``Stuey made stencils about that big (2.4m by 2.4m) and we just charged around at night in his van and painted that (the Crumpler man) on building site hoardings, footpaths, bike tracks, under bridges, for about three or four nights we just went crazy, all over Melbourne.''

Crumpler adds: ``We'd park the van on the footpath with a big sliding door on the side, park right next to the wall and open the door, hold the stencil up, spray it and off we'd go.''

They took courier friends on bikes with two-way radios to watch for police, but eventually got booked by an unmarked police car.

``We just did things our own way,'' Crumpler says. ``What we did was fun; we'd just have a few beers and think of ideas.' These ideas worked. ``Overnight it was just unbelievable,'' Roper says of the response.

``It's been done to death now, but when we were doing it there weren't a lot of others,'' Crumpler says. Bike shops and the close-knit courier community continued to help spread the word, which reached commuters, computer users and photographers. Seven years later, Roper and Miller handle sales and marketing and Crumpler designs the bags from his home and studio in Ballarat where he lives with wife Suse, son Owen, 3, and daughter Belle, 2.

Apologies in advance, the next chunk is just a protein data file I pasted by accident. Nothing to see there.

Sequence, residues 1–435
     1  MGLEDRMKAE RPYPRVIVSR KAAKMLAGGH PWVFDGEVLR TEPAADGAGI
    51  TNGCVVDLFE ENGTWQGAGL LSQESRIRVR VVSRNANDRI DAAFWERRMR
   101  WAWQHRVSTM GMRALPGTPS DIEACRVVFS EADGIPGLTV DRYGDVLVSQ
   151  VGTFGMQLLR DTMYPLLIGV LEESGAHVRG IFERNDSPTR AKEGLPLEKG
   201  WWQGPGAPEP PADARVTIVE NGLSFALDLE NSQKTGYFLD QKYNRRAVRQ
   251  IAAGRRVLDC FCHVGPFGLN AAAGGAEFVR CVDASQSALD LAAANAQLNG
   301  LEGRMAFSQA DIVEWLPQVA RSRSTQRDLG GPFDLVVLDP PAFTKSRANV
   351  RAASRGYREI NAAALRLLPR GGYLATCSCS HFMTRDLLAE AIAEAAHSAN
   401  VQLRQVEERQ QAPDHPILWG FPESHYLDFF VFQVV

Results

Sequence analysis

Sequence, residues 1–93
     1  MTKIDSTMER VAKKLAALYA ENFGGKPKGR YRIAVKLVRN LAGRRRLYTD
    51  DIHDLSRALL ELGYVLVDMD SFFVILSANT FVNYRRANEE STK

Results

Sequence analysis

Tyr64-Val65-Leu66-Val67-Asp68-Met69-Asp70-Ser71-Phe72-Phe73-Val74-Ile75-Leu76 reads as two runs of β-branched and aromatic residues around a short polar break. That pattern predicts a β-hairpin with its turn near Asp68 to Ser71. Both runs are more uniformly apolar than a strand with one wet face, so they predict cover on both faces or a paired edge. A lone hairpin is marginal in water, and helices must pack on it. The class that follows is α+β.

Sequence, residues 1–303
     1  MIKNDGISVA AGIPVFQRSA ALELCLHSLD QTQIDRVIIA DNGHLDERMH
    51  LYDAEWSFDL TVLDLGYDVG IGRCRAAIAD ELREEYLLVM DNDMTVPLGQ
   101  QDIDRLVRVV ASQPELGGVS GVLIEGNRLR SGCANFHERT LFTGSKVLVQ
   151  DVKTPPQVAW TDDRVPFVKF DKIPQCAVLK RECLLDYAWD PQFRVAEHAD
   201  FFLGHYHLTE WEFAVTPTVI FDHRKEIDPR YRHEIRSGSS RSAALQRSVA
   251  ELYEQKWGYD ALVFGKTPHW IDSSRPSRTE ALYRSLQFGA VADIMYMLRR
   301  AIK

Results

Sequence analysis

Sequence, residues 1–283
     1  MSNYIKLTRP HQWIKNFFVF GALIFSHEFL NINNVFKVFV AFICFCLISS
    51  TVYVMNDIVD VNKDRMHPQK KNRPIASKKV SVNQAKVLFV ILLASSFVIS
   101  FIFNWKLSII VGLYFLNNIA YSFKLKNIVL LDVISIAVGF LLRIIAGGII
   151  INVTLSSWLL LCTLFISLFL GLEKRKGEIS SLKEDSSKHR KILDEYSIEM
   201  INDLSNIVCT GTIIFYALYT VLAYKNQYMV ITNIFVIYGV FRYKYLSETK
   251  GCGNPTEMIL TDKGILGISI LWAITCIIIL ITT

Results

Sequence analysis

Crumpler is now pretty big in laptop and camera bags, on top of the original bike and carry bags.

``It's not necessary that we were smart about it, we just stood out, '' Crumpler says. ``Sure, we must have done something smart, but I think we did our thing at the right time and didn't consciously try to do something different. We never tried to be too serious about it.''

Crumpler bags are available in Belgium, Germany, Greece, Japan, Hong Kong, China, Netherlands, New Zealand, Spain, Singapore, Taiwan, the UK and the US. Roper, Miller and Crumpler have recently acquired two German partners (dubbed the Jerries) -- Joerg Bodenschatz and Siegfried Elgert.

``We didn't want to come in and be busy chaps,'' Crumpler says of the business. ``We just wanted to do a creative thing, have fun, lots of beer and pizza and not many meetings or serious stuff. They're our busy chaps,'' he says of the Germans.

``We call one of them Mother -- he just bosses everyone around,'' Crumpler says. ``We're pretty disorganised and we've had to work on that the last few years. ``With this big, pushy Jerry saying, `We need this by this date'-- well, it's a bit hard to get used to at first, but it has been really good. He knows what he is doing,'' Crumpler says.